In the middle of February, the Centers for Disease Control and Prevention (CDC) had issued guidelines for preventing the spread of the Zika virus. According to CDC, it is spread to people through the bite of an infected mosquito. The most common symptoms of Zika includes:
The symptoms can last for several days to a week after bitten by a mosquito. Zika can be spread from a pregnant mother to her fetus and is known to cause serious birth defect to the brain called microcephaly. Microcephaly is a condition in which a baby’s head is significantly smaller than expected.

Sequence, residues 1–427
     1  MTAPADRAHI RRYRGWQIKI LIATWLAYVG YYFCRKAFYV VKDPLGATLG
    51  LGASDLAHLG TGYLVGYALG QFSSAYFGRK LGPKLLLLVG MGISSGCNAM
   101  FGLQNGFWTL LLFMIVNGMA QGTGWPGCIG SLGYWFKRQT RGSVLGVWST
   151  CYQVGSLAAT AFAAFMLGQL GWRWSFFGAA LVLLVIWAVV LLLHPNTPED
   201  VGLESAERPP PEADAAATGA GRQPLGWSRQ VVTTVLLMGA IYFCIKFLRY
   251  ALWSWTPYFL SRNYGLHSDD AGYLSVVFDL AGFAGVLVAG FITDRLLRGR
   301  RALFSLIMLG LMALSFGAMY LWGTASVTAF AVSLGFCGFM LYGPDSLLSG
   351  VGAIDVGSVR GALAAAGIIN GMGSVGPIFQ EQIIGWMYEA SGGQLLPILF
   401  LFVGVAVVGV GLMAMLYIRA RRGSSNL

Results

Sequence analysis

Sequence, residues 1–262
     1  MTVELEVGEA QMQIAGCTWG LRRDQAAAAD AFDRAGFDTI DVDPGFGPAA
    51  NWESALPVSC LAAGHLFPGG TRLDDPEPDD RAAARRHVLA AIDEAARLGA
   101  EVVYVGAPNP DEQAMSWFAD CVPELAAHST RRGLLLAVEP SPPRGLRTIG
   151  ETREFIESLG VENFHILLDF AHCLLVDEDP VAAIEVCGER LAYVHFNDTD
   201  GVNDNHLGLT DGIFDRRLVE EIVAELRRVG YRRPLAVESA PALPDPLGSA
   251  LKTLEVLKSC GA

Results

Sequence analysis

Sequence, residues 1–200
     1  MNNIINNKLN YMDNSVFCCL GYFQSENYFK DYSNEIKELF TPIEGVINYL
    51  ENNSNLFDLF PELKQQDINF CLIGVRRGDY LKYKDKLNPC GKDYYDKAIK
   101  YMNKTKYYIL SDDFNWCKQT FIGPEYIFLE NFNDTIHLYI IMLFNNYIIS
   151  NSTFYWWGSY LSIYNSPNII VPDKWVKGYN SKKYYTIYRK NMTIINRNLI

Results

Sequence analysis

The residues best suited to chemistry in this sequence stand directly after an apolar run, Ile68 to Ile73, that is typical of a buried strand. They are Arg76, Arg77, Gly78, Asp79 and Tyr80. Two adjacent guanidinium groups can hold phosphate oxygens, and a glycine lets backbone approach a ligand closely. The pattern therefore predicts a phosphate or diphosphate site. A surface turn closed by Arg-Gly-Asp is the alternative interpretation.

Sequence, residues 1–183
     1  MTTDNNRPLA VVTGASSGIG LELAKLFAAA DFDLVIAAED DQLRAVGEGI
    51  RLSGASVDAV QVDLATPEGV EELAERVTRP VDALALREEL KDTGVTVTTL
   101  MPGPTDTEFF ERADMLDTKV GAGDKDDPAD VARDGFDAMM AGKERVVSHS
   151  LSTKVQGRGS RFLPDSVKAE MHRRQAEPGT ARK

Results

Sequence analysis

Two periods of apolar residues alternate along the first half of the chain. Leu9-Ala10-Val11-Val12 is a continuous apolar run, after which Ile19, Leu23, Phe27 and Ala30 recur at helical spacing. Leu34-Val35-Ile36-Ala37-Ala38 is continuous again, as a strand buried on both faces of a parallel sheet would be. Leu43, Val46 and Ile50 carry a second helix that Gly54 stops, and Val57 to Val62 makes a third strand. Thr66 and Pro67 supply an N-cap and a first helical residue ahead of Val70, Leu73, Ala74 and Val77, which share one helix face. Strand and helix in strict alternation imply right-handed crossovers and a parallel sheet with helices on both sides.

According to CDC, the virus can be transmitted from men to his sexual partners. The CDC had issued the following guidelines and recommendations for men and their partners who live in or have traveled to places with Zika:
In the beginning of March, the Food and Drug Administration (FDA) issued a new guidelines on the Zika virus. “There is a potential risk that the virus can be transmitted by HCT/Ps used as part of a medical, surgical, or reproductive procedure. HCT/Ps include products such as corneas, bone, skin, heart valves, hematopoietic stem/progenitor cells (HPCs), gestational tissues such as amniotic membrane, and reproductive tissues such as semen and oocytes.” Donors who are at risk of transmitting the virus are considered to be ineligible.
If you are trying to conceive, please consider consulting Dr. Zhang after screening for the virus.